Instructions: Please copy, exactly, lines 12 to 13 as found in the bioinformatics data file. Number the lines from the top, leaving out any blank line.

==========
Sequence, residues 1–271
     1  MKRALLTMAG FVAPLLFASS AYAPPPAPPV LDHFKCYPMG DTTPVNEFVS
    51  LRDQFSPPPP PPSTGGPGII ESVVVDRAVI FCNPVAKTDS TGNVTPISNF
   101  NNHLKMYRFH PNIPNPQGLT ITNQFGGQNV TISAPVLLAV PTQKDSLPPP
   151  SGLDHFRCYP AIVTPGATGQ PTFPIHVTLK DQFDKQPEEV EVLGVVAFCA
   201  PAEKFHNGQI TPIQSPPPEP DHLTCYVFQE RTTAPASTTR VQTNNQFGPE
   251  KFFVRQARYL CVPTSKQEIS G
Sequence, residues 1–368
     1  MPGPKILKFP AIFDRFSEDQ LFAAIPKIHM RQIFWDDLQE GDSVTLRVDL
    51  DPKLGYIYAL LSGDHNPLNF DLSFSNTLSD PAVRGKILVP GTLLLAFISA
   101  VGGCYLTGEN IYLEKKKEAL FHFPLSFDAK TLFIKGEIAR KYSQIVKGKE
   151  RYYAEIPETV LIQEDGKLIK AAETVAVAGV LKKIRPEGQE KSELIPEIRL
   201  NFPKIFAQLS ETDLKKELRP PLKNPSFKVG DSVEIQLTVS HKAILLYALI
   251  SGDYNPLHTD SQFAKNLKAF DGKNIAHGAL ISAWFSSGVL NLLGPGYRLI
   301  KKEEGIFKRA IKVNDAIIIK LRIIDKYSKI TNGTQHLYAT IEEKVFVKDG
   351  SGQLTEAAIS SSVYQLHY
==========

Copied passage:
   151  RYYAEIPETV LIQEDGKLIK AAETVAVAGV LKKIRPEGQE KSELIPEIRL
   201  NFPKIFAQLS ETDLKKELRP PLKNPSFKVG DSVEIQLTVS HKAILLYALI